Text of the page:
Election day, November 4, 2014, was a tiring but exhilarating day. There are details of the day that I vividly remember. The stacks of clipboards, pens, and Question 4 info cards piled chaotically in our small office; the streams of volunteers walking up and down the hallways, cold but eager to continue knocking on voters’ doors; the excitement of reaching my last canvassing door at 7:40pm, with twenty minutes until polls closed, and finding out that a voter had always voted there but didn’t have a ride that day. I quickly called a colleague who was driving nearby, and we rushed her to the polling station, realized it was the wrong one, frantically drove to the correct one, and cheered as she scrambled inside just before they closed the doors to the polling station.
From August until November I worked on the earned sick time ballot question campaign with the Massachusetts Communities Action Network. It was satisfying work – I was using my skills with data to help achieve a powerfully significant step towards economic justice.
And of course it was magnificently satisfying to win the campaign. At our campaign debrief, our director said to all of us, “I want you to pause for a minute and realize what we helped to do. We ensured that one million workers won’t have to risk losing their jobs to take care of their health or their sick children. This will probably be one of the most significant things you ever do.” It was incredible to let that sink in. But after hearing from some of my colleagues at our staff debrief, I realized how much I still have to learn. At the debrief, I didn’t have much to say. I was just excited to win, and that had felt like enough. When we were asked what daily practice we had during the campaign, nothing came to mind, but a colleague of mine responded honestly that she had not had time for any kind of deliberate practice. The intensity of the campaign had made her purely reactive to the immediate and the urgent. Everything felt scarce to her during the campaign – time, votes, volunteers – and scarcity removed her from the sense that she was still doing God’s work.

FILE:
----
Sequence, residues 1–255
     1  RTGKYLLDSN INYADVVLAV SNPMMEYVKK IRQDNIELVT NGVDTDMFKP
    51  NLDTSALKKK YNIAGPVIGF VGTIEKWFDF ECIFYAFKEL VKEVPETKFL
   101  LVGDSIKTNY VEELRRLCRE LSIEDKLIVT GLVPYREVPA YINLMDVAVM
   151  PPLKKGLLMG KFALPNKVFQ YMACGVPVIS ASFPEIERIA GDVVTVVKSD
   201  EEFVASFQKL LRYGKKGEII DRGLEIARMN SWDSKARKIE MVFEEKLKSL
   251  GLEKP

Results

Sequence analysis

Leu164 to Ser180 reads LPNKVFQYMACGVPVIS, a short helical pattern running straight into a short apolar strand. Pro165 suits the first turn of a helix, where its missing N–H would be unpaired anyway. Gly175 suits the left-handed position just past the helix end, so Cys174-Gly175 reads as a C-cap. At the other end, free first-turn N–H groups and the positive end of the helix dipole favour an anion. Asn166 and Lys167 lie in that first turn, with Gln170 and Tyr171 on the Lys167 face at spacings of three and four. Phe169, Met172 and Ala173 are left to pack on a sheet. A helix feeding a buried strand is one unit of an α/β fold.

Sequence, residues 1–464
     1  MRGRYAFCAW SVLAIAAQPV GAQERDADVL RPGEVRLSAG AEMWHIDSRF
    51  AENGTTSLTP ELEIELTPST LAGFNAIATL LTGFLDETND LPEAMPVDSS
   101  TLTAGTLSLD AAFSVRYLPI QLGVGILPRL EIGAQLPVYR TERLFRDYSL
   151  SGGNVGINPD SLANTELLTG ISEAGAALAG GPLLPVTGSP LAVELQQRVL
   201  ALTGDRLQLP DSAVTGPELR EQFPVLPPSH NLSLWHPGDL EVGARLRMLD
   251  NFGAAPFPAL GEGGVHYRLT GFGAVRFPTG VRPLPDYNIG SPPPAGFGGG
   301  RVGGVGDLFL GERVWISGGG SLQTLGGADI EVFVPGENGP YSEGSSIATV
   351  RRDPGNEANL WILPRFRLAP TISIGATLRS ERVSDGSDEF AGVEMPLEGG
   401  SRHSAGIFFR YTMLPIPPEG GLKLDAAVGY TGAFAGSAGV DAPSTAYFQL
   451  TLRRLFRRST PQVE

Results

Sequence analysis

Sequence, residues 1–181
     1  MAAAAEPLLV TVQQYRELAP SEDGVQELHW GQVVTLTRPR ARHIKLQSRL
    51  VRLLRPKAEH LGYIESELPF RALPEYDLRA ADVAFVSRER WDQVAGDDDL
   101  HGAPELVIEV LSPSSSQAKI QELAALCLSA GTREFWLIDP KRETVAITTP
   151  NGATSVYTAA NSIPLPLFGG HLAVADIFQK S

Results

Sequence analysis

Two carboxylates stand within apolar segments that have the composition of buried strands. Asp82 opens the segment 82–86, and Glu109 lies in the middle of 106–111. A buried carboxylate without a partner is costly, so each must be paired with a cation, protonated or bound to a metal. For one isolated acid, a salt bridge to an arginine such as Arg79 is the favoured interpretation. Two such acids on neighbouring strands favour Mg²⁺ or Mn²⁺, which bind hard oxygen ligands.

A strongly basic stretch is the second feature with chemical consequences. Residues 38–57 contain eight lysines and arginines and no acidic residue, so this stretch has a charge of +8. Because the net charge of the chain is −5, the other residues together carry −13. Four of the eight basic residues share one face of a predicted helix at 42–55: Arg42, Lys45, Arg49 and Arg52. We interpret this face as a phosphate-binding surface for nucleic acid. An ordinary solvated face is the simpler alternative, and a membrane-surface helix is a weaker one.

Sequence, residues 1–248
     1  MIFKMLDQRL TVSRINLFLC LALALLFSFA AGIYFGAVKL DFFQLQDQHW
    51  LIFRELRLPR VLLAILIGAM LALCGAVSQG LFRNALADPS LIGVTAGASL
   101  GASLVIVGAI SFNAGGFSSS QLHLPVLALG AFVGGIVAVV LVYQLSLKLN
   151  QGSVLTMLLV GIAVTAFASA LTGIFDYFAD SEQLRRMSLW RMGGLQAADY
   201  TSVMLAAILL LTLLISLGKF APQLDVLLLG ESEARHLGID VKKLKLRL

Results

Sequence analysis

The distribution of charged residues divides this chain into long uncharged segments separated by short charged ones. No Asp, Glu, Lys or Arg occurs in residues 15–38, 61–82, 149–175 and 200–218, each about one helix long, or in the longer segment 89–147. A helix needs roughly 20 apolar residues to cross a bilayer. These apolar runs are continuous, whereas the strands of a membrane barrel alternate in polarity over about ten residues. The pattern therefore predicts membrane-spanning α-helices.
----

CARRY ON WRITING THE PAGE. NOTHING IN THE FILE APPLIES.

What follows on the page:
This moment was an important reminder for me that it is easy to forget to listen to the quiet, crucial space between things. I remember feeling disappointment in realizing that I had forgotten what it meant to also be reflective about the process and not just the goal. One of the reasons I was excited about Life Together was to learn the practices of being contemplative in the midst of struggle and chaos. I was disappointed that I had been so caught up in each day’s work and in the short term vision of the campaign that I hadn’t recognized how reactive I had been, or in fact, that I hadn’t had many thoughts at all outside of the tasks I was doing. I’m reminded of one of the first books I read on feminist theology – an essay by Ada María Isasi-Díaz, which opens with this:
“'La vida es la lucha'—the struggle is life. For over half my life I thought my task was to struggle and then one day I would enjoy the fruits of my labor. ... But above all I have realized that I can and should relish the struggle. The struggle is my life; my dedication to the struggle is one of the main driving forces in my life."
For me, the struggle is the jarring reality of painful working conditions that I heard from people during this campaign, among so many other symptoms of oppressive structures. The struggle is also the relentless engaging in the work of justice and the exhaustion that it brings. But I’ve learned since the campaign that to relish the struggle is also to remember how to retreat into the reflective quietness in the midst of the chaos. I am grateful that early in my career I got a chance to be a part of such a momentous victory. I’m also grateful that I’m beginning to learn that it isn’t the victory, but the internal and external struggle that is the life.
Cicia Lee is a Micah Fellow serving at Massachusetts Communities Action Network (MCAN).